Colorado Senate Bill 35 Regulates Subdivisions of Land Resulting in One or More Parcels Less Than 35 Acres In Size

This article is intended for educational purposes and not as legal advice. It is always advisable to seek the advice of a licensed attorney regarding the issues discussed in this article.

On May 5, 1972, C.R.S. 30-28-101, the session law that most Colorado attorneys refer to as Senate Bill 35, became effective.  SB 35 was enacted to provide some regulation over the subdivision of land in Colorado, and it required counties to pass regulations to regulate parcels of land smaller than 35 acres and preclude property owners in most circumstances from unilaterally subdividing their property without complying with SB 35.

C.R.S. 30-28-101(10)(a) defines a subdivision or subdivided land as any parcel of land in the state which is to be used for condominiums, apartments, or any other multiple-dwelling units, unless such land when previously subdivided was accompanied by a filing which complied with the provisions of this part 1 with substantially the same density, or which is divided into two or more parcels, separate interests, or interests in common. The 35 acre exemption is inapplicable when the property owner seeks to construct multiple residences on a parcel which is more than 35 acres. Wilkinson v. Bd. of County Comm’rs, 872 P.2d 1269 (Colo. App. 1993).  There are additional exemptions provided for in C.R.S. 30-28-101(10) in subsections (b), (c) and (d). There is no similar exemption from the applicable zoning regulations as SB 35 applies only to subdivision regulations.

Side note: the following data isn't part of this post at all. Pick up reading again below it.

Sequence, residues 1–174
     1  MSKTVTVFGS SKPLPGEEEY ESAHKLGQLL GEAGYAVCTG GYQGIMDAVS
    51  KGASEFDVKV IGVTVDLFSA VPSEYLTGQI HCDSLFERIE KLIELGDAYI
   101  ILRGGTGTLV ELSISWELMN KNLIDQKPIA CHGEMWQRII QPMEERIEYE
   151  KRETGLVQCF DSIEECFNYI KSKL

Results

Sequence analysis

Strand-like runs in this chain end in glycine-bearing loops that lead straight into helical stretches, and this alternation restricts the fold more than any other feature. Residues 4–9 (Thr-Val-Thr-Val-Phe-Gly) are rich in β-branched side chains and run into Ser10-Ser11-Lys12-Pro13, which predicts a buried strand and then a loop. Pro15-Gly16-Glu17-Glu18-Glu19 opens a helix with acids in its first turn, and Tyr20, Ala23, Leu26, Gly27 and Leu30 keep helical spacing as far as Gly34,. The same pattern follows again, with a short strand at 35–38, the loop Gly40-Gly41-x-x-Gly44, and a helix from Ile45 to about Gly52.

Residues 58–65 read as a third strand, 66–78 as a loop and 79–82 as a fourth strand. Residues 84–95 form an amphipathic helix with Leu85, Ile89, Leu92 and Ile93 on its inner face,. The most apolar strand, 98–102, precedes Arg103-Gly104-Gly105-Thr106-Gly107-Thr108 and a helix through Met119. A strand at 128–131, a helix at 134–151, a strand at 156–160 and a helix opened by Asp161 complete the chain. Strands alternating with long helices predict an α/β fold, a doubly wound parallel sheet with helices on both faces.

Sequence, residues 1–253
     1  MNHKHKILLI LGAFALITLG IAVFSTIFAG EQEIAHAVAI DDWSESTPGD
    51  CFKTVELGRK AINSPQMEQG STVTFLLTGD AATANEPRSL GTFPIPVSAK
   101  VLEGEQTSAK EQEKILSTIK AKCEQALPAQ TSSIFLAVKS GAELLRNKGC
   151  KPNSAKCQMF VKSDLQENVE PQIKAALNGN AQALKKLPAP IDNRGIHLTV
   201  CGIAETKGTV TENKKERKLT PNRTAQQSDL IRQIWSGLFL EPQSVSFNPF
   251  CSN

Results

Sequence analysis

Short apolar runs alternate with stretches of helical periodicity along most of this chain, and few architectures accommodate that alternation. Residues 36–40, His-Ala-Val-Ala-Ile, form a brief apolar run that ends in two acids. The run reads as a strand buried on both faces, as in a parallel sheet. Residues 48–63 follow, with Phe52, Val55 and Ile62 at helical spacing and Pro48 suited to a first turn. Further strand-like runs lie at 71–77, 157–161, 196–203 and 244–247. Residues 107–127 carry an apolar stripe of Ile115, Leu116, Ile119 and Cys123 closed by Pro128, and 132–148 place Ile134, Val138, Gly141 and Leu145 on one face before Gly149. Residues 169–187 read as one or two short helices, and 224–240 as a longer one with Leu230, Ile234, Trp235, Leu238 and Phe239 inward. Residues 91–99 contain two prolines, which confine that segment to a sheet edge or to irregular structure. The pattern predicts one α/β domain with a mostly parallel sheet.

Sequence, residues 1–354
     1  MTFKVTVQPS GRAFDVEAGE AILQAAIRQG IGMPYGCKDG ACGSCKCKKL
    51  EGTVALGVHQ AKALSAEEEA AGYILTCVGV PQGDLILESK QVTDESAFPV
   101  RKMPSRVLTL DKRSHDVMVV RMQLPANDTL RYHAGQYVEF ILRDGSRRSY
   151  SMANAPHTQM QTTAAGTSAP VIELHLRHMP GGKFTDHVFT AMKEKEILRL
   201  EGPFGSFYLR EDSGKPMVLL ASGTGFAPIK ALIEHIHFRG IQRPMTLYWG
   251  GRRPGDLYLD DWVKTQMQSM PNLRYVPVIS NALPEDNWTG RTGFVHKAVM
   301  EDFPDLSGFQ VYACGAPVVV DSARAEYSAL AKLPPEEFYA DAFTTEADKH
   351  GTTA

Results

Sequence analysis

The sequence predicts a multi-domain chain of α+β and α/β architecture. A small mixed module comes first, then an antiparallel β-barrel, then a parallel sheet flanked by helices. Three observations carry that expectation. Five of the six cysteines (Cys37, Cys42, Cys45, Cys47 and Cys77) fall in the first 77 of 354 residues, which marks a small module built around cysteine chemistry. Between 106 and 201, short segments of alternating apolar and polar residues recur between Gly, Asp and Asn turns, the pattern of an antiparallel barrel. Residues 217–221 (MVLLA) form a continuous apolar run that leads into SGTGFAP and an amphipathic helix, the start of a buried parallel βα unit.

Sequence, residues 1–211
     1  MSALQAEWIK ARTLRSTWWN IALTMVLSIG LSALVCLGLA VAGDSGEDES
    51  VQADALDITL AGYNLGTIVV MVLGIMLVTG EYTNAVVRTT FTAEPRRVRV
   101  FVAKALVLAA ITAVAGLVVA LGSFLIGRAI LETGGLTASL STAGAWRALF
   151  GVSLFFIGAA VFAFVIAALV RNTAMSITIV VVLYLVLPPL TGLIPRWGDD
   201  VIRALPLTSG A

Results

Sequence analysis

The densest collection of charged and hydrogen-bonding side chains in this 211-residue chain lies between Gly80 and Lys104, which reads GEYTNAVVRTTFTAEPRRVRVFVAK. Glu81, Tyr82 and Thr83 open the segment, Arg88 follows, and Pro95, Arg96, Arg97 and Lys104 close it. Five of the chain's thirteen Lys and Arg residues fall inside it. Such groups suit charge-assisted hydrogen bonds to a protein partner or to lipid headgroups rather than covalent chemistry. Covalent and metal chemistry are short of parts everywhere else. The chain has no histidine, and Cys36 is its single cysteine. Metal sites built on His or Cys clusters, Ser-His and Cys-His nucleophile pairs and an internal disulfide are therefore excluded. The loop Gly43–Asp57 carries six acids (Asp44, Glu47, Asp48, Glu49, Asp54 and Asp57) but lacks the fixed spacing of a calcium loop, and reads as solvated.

Moreover, the sole remedy may be the forced re-combining of the land that gave rise to the illegal subdivision, and this can be a logistic nightmare when years have passed and sometimes ownership as well.

Lastly, don’t forget to refer to Chapter 4 of the Colorado Real Estate Manual regarding subdivisions that require registration with the Division of Real Estate.